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The Black Pointy Hat (youngsters:fantasy, 2141 words)
Author: Ian HobsonAdded: Sep 13 2007Views/Reads: 4722/1969Story vote: 0.00 (0 votes)
Not that the scarecrow minded how he looked; he was, after all, just a scarecrow, without a single thought in his head...

Click here to read the first 75 lines of the story

The scarecrow stood thinking for a while; thinking how nice it was to be
able to speak, and be able to shout, and even to be able to think; but 
before long he discovered something new, something called boredom, 
because he had no one to speak to and nothing to do.  But it was just 
then that a little girl came running across the field. 

As she past the scarecrow she stuck out her tongue and pulled a face at
him.  'You don't scare me,' she said.  But then she noticed the pointy 
black hat and stopped and began to giggle.  'Wherever did you get that 
hat from?' she asked. 

'That's what the owl said,' replied the scarecrow, giving the girl such
a fright that she took several steps backwards. 

'You can speak!' exclaimed the girl as she stared at the scarecrow's
head.  She could see it was just a sack stuffed with straw but it 
seemed to have more of a face than usual. 'When did you learn to talk?' 
she asked. 

'I'm not sure,' replied the scarecrow.  'I think that today is the first
time.  You couldn't help me get free from this post, could you?  I'm 
beginning to feel quite uncomfortable.' 

'I might,' said the little girl as she walked around the scarecrow,
trying to see how he was fastened to the post.  'I think there's a nail 
through the collar of your coat,' she said.  She jumped up and grabbed 
the collar and tugged hard until the material ripped away from the nail 
and the scarecrow came tumbling down on top of her. 

'I'm sorry,' said the scarecrow as the girl helped him to his feet. 'I
didn't hurt you did I?' 

'No,' the girl replied.  'You don't weigh much anyway.  Do you want me
to pull that stick out?'  The scarecrow still had the garden cane 
through the sleeves of his coat. 

'If you don't mind,' said the scarecrow.  'It would be nice to let my
arms down; they feel very stiff.'  So the little girl pulled the cane 
out from the scarecrow's sleeves, and he was so grateful that he jumped 
up and down, flapping his arms like a bird.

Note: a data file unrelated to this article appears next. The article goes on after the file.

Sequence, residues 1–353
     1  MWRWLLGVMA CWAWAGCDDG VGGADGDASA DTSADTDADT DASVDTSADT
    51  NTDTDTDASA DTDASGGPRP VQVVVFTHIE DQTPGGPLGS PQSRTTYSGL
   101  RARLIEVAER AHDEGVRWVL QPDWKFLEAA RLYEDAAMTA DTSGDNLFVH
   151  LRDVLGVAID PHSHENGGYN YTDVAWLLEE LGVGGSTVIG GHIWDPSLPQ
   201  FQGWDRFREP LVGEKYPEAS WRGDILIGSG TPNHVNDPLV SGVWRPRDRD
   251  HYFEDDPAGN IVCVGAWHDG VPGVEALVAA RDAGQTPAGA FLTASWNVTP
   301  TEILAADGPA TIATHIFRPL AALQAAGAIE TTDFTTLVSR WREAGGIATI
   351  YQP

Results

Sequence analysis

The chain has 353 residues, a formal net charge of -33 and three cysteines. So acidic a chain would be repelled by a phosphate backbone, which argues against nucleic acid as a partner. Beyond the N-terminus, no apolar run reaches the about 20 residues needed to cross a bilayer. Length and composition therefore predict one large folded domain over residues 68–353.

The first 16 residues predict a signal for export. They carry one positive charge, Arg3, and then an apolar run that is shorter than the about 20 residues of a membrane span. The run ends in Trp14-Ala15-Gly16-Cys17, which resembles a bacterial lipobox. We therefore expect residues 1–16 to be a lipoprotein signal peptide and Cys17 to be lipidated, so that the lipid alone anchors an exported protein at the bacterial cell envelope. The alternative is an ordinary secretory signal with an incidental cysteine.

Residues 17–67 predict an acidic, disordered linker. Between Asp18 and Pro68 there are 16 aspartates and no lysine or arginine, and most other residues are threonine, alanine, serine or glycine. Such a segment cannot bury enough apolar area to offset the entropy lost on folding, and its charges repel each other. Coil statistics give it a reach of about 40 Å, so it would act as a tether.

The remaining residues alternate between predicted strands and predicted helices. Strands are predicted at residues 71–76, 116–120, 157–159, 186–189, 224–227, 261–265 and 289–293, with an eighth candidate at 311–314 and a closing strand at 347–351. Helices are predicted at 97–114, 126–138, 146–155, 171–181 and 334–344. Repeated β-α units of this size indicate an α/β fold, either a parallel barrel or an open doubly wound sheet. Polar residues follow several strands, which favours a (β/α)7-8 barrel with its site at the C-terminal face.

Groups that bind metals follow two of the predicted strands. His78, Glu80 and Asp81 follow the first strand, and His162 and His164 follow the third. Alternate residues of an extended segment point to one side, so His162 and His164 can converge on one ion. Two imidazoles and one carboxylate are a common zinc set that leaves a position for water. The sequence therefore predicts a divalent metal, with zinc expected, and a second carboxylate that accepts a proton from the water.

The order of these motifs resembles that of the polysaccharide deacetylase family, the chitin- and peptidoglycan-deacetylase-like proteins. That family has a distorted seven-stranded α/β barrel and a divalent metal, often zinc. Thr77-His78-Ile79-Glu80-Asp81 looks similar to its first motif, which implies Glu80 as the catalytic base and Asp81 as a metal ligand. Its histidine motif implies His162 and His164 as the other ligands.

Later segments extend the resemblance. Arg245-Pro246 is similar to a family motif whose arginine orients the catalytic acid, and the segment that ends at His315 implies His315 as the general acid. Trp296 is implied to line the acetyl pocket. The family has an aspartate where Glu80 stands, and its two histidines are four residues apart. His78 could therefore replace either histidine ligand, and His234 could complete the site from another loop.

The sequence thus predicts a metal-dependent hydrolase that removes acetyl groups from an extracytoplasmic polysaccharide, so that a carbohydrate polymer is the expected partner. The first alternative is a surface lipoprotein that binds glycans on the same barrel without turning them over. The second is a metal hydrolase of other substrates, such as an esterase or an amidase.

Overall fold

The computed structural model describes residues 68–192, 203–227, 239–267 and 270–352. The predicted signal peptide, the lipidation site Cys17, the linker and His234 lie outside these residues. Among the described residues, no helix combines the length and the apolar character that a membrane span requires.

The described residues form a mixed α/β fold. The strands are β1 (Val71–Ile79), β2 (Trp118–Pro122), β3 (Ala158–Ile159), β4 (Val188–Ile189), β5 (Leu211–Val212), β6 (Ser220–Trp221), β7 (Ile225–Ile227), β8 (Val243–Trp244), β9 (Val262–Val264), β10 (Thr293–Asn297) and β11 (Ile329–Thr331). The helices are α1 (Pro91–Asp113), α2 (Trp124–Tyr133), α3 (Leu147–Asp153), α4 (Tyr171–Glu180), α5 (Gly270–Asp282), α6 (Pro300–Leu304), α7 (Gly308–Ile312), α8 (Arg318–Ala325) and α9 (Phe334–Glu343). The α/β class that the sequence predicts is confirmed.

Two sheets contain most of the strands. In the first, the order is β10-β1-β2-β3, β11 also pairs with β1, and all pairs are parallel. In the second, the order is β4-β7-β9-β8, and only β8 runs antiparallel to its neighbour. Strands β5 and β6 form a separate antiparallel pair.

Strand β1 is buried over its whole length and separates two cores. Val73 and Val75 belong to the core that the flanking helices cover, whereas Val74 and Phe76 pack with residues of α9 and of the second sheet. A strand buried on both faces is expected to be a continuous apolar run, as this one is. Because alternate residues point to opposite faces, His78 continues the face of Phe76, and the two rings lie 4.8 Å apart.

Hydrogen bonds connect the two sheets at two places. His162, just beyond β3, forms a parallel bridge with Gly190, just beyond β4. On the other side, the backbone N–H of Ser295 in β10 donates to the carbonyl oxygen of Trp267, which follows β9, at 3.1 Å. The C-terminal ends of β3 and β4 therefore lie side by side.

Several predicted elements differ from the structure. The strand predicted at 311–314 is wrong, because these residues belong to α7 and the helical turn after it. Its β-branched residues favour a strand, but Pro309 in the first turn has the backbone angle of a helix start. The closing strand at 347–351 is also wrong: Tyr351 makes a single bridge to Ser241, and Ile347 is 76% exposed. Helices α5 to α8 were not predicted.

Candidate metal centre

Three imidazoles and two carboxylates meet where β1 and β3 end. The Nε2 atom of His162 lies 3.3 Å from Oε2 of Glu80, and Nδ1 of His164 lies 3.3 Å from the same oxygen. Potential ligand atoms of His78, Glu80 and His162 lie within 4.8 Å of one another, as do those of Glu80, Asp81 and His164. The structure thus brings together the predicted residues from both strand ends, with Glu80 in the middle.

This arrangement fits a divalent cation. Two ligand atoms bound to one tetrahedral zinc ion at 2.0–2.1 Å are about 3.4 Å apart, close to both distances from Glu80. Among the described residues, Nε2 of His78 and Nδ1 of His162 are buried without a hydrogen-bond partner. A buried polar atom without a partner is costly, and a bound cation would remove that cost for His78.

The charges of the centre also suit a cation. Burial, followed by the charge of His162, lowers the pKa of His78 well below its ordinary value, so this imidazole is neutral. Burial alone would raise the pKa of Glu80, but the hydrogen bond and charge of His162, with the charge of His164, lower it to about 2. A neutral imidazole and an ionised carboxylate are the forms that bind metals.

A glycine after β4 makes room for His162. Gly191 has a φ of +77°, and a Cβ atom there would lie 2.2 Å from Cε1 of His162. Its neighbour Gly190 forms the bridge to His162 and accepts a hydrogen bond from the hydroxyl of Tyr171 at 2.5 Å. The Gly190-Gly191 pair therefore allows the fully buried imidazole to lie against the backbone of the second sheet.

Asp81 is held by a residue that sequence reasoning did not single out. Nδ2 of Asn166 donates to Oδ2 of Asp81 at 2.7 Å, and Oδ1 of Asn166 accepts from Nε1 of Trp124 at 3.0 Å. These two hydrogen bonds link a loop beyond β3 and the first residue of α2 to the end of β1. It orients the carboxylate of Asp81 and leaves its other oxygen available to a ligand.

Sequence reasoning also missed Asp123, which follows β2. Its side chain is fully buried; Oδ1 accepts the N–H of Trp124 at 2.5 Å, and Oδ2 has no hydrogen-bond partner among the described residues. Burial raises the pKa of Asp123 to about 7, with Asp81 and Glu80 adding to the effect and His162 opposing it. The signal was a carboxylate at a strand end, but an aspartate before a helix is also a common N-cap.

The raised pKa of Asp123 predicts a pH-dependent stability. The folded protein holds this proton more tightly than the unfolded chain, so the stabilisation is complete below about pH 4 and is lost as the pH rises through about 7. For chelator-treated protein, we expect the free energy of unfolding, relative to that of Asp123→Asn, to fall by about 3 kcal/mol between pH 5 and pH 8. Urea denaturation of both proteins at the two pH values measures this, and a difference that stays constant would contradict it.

The girl began to giggle again.  'You really are very funny,' she said. 
But then she became more serious and asked, 'but what will you do now, 
Scarecrow?  Now that I've set you free?' 

The scarecrow stopped flapping his arms and looked thoughtful.  'I don't
know,' he said.  'This is all very new to me; being able to move, and 
to think.'  He sat down and leaned back against the wooden post.  
'Being alive is so difficult isn't it.  I mean, having to think what to 
do next; it makes my head hurt.' 

'It's called making decisions,' said the girl as she sat down beside the
scarecrow.  'You'll get used to it.' 

Suddenly there was a shout from across the field, and when the girl and
the scarecrow looked up, they saw an angry looking old man running 
towards them. 

'Who's that?' the scarecrow asked. 

'I'm not sure,' replied the girl.  'It looks like, yes, it is!  It's the
wizard, and he looks very angry.  Come on, we better run.'  And so the 
girl and the scarecrow scrambled to their feet and ran off across the 
field as fast as they could. 

'Drat and tarnation!' said the wizard as he reached the wooden post in
the middle of the field.  He was so out of breath that he had to stop 
and lean against it. 

'Was I right?' the owl asked as she glided gently down and landed on the
top of the wooden post.  'Was that scarecrow wearing your hat?' 

'He was,' replied the wizard, looking very downhearted; which is not
surprising because he was not really a wizard; he was just an old man 
who happened to own a magic hat; except that now the scarecrow had the 
hat, and its magic too. 

'Oh well, never mind,' said the owl.  'I suppose you'll just have to buy